May 22, 2014
Dallas Keuchel Defies his Destiny
As much as it might look like we have, we’ve never seen anything like this in the short career of the Astros’ best pitcher to date, Dallas Keuchel.
His career began in June 2012 with terrific results—one run allowed in five innings in the Ballpark at Arlington, a complete game six days later with one run allowed. At the All-Star break he had a 2.45 ERA on his way into a start against Arizona. Something wasn’t right, though.
His manager called it “walking on a high wire” in an article that took the tone of a writer who wasn’t quite sure Keuchel would ever make it. The high-wire act was a ratio of 13 walks to 10 strikeouts in 25 2/3 innings that, coupled with an 88 mph fastball, could lead you to believe that as soon as the luck ran out, the major league service time might run out too.
He got lit up that day in Arizona and finished that season badly, with a 6.49 ERA the rest of the way that was much more in line with the peripherals he was offering up. Had he not been on a team that was basically punting a half a decade, that might have been where the story ended.
That’s usually about where it ends for guys like him, anyway. He finished that rookie season with 39 walks and 38 strikeouts in his 85 1/3 innings, making him the 14th 25-and-under player in the 14 seasons since 2000 to walk more than he struck out.
A brief look at the names will tell you that their careers don’t usually amount to much.
Age 25 and under with more BB than K (min. 81 innings)
Not much of a list at all there beyond Nathan, who would never start again after that season and has been more than a decade strong in his proper role. Actually, it’s an awful list.
Yet right there on top is the pitcher who has done the most to keep the Astros out of the annual “on pace for” discussions. And it’s not at all that he’s gone back to defying the peripherals, which we usually think of as the things that you regress to and cheat away from. He’s actually flipped the peripherals completely. He’s gone from more walks than strikeouts to the top 10 in the American League in strikeout-to-walk ratio in a matter of two years.
Over at FanGraphs, Mike Petriello took an excellent look at a couple of the aspects of Keuchel’s 2014 success after an outstanding outing against the Angels this week that lowered the lefty’s ERA to 2.92 and his FIP to 2.96. Mike mentions Keuchel’s addition of an effective slider—which is getting whiffs 26.2 percent of the time it’s thrown, up from 5.7 percent on the curveball in 2012 and 21.3 percent on the slider in 2013—and his otherworldly ground ball rate has been a large part of his success in bolstering that improvement in the true outcomes.
What really stood out in looking for what turned a walk machine with no strikeouts into a strike machine with no walks, though, was the sinker, his bread-and-butter pitch, which Keuchel throws 45 percent of the time to lefties and 37 percent of the time to righties.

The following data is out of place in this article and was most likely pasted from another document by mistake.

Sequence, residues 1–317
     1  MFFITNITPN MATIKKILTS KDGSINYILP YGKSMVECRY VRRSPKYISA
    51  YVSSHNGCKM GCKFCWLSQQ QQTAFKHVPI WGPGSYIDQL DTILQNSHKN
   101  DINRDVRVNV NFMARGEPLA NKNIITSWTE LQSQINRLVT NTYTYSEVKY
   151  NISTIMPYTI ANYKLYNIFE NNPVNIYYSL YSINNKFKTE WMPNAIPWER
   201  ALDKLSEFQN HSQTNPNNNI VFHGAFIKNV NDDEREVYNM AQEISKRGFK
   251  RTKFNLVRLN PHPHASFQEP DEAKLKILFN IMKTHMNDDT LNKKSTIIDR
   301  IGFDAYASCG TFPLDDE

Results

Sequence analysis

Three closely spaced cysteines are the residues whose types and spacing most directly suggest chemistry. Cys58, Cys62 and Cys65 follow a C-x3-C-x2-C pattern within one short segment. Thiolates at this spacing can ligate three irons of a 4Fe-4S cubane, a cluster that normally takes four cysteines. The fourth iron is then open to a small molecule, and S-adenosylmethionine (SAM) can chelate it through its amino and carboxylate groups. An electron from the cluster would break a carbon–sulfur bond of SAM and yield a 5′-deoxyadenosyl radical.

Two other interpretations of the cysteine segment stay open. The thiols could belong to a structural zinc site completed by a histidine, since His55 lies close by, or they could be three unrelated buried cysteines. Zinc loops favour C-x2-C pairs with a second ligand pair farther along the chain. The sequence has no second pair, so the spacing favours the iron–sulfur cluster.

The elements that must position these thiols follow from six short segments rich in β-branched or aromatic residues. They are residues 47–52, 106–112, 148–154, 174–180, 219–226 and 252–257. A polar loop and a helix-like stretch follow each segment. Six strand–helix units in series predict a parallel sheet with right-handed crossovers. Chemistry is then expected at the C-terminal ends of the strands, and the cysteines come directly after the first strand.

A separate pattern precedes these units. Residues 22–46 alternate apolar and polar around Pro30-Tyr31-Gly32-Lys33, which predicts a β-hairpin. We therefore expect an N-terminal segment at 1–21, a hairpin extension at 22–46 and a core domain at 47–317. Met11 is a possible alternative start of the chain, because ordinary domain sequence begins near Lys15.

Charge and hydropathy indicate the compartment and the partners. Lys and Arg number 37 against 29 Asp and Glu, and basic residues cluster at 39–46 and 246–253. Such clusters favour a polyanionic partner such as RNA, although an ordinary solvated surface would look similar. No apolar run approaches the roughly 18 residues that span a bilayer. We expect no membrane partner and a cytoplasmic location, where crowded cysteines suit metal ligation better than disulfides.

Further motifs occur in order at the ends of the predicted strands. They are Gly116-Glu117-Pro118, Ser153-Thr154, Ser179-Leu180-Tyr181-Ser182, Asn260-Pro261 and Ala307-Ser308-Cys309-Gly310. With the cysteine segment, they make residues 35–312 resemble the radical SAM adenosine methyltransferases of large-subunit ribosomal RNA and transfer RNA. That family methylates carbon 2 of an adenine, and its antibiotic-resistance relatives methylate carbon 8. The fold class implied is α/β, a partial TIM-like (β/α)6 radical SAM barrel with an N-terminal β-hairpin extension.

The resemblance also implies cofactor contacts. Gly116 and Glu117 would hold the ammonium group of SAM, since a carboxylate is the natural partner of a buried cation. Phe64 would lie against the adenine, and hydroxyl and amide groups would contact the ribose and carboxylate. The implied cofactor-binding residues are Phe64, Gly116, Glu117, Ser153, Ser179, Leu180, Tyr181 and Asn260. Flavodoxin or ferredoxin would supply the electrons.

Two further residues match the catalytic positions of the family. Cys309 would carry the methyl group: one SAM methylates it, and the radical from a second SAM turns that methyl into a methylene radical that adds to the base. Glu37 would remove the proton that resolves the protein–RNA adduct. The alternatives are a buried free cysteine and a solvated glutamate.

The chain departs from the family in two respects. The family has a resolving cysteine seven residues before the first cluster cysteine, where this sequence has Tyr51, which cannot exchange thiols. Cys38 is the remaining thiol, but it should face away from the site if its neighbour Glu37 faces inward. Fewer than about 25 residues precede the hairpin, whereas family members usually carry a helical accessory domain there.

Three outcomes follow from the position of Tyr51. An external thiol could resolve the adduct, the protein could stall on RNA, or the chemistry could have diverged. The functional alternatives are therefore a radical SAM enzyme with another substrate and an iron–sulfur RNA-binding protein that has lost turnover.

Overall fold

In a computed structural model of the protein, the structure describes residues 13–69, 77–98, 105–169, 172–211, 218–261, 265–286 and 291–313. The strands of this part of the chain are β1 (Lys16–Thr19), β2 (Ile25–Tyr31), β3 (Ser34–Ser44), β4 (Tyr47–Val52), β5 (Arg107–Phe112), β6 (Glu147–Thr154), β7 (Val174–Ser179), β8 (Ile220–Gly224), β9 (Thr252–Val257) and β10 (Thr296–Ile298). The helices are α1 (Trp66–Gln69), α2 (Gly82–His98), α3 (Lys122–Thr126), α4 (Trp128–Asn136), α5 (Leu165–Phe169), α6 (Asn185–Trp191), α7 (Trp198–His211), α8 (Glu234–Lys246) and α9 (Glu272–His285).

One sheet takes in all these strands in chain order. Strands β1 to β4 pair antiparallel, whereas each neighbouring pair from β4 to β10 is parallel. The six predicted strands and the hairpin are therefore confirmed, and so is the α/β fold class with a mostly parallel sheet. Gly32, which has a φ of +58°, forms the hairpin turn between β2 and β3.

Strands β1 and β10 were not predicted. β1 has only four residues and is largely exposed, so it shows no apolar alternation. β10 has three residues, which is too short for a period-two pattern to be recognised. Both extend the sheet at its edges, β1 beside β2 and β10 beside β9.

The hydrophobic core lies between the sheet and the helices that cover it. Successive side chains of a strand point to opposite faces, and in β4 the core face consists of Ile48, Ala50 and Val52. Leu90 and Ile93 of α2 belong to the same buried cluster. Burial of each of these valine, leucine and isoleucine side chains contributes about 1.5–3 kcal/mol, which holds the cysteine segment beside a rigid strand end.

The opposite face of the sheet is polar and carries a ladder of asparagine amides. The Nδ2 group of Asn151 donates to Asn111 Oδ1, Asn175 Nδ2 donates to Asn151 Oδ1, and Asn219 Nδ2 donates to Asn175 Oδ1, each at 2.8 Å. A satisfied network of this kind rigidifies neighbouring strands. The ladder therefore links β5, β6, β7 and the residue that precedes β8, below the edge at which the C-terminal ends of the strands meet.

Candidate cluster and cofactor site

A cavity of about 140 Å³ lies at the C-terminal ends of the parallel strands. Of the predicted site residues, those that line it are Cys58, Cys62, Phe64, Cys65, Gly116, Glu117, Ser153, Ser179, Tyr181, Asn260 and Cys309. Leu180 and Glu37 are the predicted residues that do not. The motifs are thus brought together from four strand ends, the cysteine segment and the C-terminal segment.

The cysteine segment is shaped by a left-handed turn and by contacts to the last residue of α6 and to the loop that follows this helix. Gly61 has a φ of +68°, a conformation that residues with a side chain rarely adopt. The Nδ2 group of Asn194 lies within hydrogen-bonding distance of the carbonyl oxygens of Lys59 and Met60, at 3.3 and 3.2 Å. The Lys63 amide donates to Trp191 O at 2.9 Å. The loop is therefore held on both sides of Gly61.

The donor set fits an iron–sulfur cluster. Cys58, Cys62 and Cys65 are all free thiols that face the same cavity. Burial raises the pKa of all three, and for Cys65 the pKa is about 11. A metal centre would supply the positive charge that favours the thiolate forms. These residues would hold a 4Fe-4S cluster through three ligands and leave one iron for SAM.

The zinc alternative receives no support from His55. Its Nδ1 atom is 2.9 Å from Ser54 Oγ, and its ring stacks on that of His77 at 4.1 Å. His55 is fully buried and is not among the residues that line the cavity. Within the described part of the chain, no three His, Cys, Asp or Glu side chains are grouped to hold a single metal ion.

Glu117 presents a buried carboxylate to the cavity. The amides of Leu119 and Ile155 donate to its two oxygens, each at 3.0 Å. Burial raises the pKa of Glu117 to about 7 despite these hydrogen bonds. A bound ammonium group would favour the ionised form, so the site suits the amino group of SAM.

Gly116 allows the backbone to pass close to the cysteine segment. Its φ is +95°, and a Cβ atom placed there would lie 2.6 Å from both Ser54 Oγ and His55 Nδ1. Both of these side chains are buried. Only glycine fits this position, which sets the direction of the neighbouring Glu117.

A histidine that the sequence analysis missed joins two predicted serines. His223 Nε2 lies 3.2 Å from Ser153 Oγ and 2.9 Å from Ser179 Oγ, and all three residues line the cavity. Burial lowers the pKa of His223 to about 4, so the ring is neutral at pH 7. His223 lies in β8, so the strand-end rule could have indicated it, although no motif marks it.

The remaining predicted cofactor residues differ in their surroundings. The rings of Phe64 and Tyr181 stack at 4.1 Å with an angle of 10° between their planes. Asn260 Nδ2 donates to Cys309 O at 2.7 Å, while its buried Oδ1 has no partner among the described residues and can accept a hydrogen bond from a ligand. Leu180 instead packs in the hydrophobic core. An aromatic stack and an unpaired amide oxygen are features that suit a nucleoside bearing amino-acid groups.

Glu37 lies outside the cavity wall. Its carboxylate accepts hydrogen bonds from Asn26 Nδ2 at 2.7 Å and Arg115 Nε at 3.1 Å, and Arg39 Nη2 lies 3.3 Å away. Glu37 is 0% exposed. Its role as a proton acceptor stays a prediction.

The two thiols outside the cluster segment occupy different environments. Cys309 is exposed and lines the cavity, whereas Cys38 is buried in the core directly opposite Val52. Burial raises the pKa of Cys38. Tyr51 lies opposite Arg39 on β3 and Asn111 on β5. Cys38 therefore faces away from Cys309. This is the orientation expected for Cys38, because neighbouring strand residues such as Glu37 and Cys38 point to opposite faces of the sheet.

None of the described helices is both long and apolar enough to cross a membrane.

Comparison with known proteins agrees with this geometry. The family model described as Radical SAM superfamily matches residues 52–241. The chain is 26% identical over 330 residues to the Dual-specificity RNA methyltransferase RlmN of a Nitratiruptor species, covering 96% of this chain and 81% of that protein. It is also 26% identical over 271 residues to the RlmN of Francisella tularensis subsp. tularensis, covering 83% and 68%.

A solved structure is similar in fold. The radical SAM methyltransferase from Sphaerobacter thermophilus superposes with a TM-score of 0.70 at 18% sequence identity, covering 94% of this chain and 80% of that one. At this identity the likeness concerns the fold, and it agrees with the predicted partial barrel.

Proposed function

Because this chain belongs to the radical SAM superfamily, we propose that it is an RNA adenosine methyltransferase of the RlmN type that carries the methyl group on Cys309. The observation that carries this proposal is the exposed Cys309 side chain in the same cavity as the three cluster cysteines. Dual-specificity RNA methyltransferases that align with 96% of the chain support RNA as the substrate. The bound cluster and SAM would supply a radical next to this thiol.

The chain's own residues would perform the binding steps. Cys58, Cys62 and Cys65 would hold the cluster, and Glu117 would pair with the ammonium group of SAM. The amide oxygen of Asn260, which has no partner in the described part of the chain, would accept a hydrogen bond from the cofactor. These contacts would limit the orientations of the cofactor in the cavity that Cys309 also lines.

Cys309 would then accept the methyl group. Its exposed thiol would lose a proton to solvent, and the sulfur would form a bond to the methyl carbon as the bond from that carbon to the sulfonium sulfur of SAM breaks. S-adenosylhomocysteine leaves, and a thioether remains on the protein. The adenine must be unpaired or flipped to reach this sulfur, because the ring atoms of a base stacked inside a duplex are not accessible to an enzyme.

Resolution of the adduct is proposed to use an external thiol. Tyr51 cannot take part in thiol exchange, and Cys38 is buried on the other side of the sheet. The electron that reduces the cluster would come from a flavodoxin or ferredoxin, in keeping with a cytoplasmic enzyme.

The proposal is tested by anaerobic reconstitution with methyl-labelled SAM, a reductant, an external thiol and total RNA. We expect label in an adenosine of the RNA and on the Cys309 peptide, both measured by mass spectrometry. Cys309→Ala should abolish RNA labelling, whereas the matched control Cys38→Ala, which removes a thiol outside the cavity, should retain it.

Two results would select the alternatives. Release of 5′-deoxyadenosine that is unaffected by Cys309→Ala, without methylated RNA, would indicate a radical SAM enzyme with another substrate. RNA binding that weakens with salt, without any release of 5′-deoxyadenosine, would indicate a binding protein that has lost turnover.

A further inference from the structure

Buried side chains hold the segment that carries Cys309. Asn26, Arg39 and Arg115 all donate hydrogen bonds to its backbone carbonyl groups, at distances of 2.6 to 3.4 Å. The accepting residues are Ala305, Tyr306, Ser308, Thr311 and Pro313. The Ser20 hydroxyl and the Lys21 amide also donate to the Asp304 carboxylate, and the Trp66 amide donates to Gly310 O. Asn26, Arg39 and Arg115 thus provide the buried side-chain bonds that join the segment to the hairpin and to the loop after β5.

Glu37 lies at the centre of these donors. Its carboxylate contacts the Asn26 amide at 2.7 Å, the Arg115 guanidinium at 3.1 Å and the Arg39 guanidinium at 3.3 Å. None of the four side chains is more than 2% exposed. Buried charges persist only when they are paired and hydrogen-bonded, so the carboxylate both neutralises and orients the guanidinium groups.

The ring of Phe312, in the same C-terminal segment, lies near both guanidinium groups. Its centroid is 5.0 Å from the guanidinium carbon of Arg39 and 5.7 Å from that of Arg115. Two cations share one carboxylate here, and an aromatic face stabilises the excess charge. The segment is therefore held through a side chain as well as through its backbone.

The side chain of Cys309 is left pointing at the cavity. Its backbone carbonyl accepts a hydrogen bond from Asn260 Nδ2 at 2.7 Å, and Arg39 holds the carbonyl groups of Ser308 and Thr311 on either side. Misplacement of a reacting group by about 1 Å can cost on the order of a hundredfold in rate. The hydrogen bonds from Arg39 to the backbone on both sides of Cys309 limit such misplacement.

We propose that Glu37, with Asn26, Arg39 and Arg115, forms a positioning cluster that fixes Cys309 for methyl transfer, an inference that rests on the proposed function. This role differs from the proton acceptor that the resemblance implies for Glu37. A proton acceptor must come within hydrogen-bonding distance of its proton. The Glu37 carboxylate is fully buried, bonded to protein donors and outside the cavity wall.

The most obvious change in Keuchel’s game is a really noticeable increase in throwing his sinker in the strike zone. It started to increase last year and has taken another huge jump in 2014.
This progression—combined with some comments back in 2012—paint a very different picture of the pitcher from the way he was described and perhaps stereotyped when the Astros took Keuchel in the 2009 draft and developed him.
The usual picture of the guy who doesn’t throw hard and pitched at an SEC school (Arkansas) that advanced to the College World Series was that of a polished pitcher. Throw in that he was a lefty, and the narrative was too easy.
But that didn’t appear to be the reality, and there could be some element here of just coming into his own with control—something Keuchel complained about struggling with on occasion in his rookie season.
Here’s the chart showing his sinker against righties in 2012. Note the misses low and away.
The same chart in 2014 shows considerably fewer pitches off that outside corner and more that find that “low and away” portion of the zone or the lower-middle portion of the zone.
As he has more consistently found the strike zone, the swing results have gotten much better. Again, these are the results with the sinker—this time to all hitters.
From living outside the zone with nobody chasing in 2012—a recipe for a high walk rate—Keuchel has evolved into a pitcher who lives in the strike zone and gets many more swings when he deviates.
He’s also (and don’t underestimate the importance of this) throwing harder now than when he broke in (90.3 mph on the two-seamer this year compared to 88.6 mph in 2012, with a similar difference in the four-seamer).
All of that leads to a different feeling around Keuchel’s hot start this time around than the first time around. This no longer feels like the high-wire act ready to come crashing down. This time, with the all-new set of peripherals, it provides some hope that he’ll be one of the first to escape that gloomy roster above and become a relevant major-league starter.